You’ve already put plenty of work in to ensure your clients have a plan in place, which not only meets their individual needs, but is thoroughly robust.
This is a major advantage for advised clients over those individuals who are in the same position, but scrambling for advice. This should be at the forefront of your client conversations.
Tip 3: Stress the need for flexibility
It goes without saying that the market turbulence may trigger some unsavoury client outcomes. The stock market falls mean that some clients may not be able to retire as quickly as they’d like.
I’m sure a lot of clients won’t like this message, but highlighting the need for additional flexibility may be valued over the longer-term.
Clients in drawdown and taking a regular income
Tip 1: Review your clients’ income sustainability
As markets swing on a daily basis, the impact of sequencing risk and volatility drag for those clients taking a regular income is huge. This can have a significant impact, not only on the capital generated to date, but also on a client’s ability to generate further income.
It also highlights that when clients transition to taking money out of their pension, it’s not just a question about how their investments perform, it’s also a question about when their investments perform.
As we know, there's no magic number when it comes to income withdrawal rates. Income sustainability depends upon a number of factors such as term, investment, charges and the level of income a client requires. Make sure you have a robust process in place to review your clients’ income sustainability.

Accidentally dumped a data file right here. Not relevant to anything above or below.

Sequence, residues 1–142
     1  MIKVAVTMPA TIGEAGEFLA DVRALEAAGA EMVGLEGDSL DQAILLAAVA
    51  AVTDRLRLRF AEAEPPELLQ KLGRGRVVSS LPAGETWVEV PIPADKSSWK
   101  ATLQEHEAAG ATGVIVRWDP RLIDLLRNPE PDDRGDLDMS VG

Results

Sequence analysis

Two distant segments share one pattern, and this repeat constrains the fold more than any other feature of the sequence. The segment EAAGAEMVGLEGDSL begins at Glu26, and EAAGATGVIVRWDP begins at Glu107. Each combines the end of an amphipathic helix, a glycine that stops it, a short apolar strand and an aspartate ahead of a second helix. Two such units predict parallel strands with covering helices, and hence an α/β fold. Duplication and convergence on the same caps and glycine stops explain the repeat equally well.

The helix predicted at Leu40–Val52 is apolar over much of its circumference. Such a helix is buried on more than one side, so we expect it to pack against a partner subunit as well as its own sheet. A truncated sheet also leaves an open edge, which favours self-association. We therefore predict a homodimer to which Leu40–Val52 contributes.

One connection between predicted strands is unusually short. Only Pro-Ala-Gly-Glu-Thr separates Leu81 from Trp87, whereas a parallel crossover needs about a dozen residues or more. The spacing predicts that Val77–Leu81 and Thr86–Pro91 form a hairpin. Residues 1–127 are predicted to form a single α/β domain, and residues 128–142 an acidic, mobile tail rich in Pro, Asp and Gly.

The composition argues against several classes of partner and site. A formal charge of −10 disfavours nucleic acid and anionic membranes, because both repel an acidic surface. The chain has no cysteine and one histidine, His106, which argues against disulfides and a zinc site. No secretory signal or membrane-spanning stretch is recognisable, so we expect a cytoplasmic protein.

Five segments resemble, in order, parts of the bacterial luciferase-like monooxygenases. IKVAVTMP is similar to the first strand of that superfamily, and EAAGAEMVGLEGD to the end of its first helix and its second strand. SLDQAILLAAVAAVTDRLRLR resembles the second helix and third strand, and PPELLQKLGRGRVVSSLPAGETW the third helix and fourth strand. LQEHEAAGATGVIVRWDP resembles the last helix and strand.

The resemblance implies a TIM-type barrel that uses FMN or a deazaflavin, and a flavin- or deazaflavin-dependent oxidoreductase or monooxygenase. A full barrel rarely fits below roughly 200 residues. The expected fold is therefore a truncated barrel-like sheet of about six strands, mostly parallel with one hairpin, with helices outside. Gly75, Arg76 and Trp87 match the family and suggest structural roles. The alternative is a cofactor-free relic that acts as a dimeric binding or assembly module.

Tip 2: Encourage income flexibility
It’s a sensible move to limit the amount of income being withdrawn during periods of market stress. In addition to income being reduced, don’t be afraid to discuss expenditure with your clients. Reducing current and expected levels of expenditure can improve income sustainability over the longer-term.
If current and future income requirements have actually increased, have a discussion with the client and review their plan to determine whether they can take additional risk to achieve a more sustainable level of income.
Tip 3: Time to consider a centralised retirement proposition (CRP) approach?
The argument for adopting a centralised investment proposition (CIP) approach has been well documented and this approach has helped advisers deliver some excellent client outcomes in the accumulation phase.
However, the CIP model can be slightly limited once clients are withdrawing money, as the overall process doesn’t focus on things like capacity for loss, spending habits, sequencing risk and the sustainability of income withdrawals.
Using a CRP shows you’ve recognised the different approach required for clients in accumulation versus drawdown. Like a CIP, they can be used to deliver a consistent and structured approach, but with a particular focus on clients’ different needs in this phase.
This is achieved through the use of an investment solution and product which is specifically designed for income withdrawals and of course, the use of associated planning tools focussed on income sustainability and sequencing risk.
The use of CRPs are particularly relevant in a post PROD regulatory world where you’re required to prove the products you recommend deliver good client outcomes for your various target markets.
The value of diversification
The situation in Ukraine underlines the value of broad diversification within investment solutions as a way to improve resilience to shocks.
Our Governed Range includes commodities, commercial property, and a larger allocation to the less expensive UK equity market, all areas performing well or relatively well during this more inflationary period.